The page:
Crypto payments arrive in terminals in Austria
For many Bitcoiner, it’s an old dream: to pay with Bitcoin, Ether, Litecoin or another currency at a POS terminal when shopping in a supermarket or retail store, and not just at selected niche retailers – but everywhere. If you only have shitcoins, that are not accepted there, it is time to trade them for BTC.
In Austria, a collaboration between Salamantex and Concardis is currently making this dream a reality.
Retailers are neither software developers nor experts in payment methods. Their expertise lies in selecting goods, making purchases and offering them in a well-appointed store. They expect only one thing from a means of payment: that it works as soon as they have connected a terminal. And works means that it lands in the bank account in a predictable form – such as euros – and doesn’t entail a rat’s tail of tax obligations.
In that sense, it doesn’t really bother you that you can hardly pay with Bitcoins in any store. In the more niche stores or pubs where you can, the user experience is often rather lukewarm and readily overwhelms the staff, who also have little practice with crypto payments due to the infrequency of payments.
And that’s exactly what Austrian startup Salamantex is aiming for: To make crypto payments exactly as easy as payments with debit or credit cards. Thanks to a cooperation with Concardis, the startup recently announced a big step towards this vision.
“Concardis, as part of the Nets Group one of the leading payment service providers in Europe, and Salamantex, Austrian specialist for the development of software solutions for crypto payments, are rolling out the acceptance of digital currencies such as Bitcoin, Ether or Ripple nationwide in Austria,” writes the press release. Effective immediately, merchants and restaurateurs can accept cryptocurrencies “in addition to other classic payment methods on common payment terminals.”
Merchants who purchase a new terminal from Concardis can simply activate the “crypto payment” option on it. This involves a contract with Concardis and Salamantex, through which payments are confirmed by a blockchain check, converted into euros and credited to the merchants. Whether customers pay at the terminal with a debit card, via ApplePay or with a bitcoin wallet via QR code, it makes absolutely no difference to the merchant anymore.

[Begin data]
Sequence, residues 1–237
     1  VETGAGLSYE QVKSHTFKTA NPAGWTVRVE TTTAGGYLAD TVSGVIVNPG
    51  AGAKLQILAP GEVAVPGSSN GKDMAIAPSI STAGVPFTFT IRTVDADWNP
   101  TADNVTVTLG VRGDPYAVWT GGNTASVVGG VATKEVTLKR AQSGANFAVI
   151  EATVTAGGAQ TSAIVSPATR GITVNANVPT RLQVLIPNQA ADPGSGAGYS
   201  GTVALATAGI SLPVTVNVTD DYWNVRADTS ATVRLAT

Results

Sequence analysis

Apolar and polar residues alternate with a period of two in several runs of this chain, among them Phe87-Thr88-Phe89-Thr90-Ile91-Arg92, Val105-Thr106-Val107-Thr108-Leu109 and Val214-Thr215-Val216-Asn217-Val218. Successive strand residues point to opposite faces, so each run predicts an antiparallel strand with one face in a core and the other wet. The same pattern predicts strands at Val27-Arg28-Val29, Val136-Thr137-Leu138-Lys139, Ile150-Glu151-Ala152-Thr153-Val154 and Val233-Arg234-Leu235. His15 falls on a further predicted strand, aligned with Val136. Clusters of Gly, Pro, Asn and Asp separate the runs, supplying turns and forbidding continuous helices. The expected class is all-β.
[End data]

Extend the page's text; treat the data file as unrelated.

Such a solution has the potential to actually bring crypto payments to retailers in the Alpine Republic across the board. In principle, there is also not much to be said against Hofer (which is the name of Aldi in Austria) and other supermarket chains also using the terminals – even if it would lead to scalability problems, especially with Bitcoin, Ether and some other Altcoins, which is why Salamantex will not be able to avoid thinking about L2 solutions such as Lightning or Optimistic Rollups in the medium term if it is successful.
Concordis is a payment provider that primarily processes payments for retailers and supermarkets via terminals. The company, which is actually German, focuses on the DACH region (Germany, Austria, Switzerland) and already processed around 85 million transactions in 2016. Following its acquisition by Advent International and Bain Capital, Concordis merged with several other payment service providers to form Concordis Payment Group, which also entered the Northern European market through its merger with Nets.
Concordis CEO Robert Hoffmann comments on the cooperation with Salamantex: “The introduction of digital currencies by central and national banks is only a matter of time. The e-euro, e-franc or e-krona will come, the underlying technology is the same as for cryptocurrencies. And they will fundamentally change the payment market. As a pioneer in the acceptance of digital currencies, we are thus continuing to gain practical experience today that will be elementary for payment services in Europe in the near future.”
- The fact that the company, headquartered in Eschborn near Frankfurt am Main, has to gain such elementary experience in Austria is significant.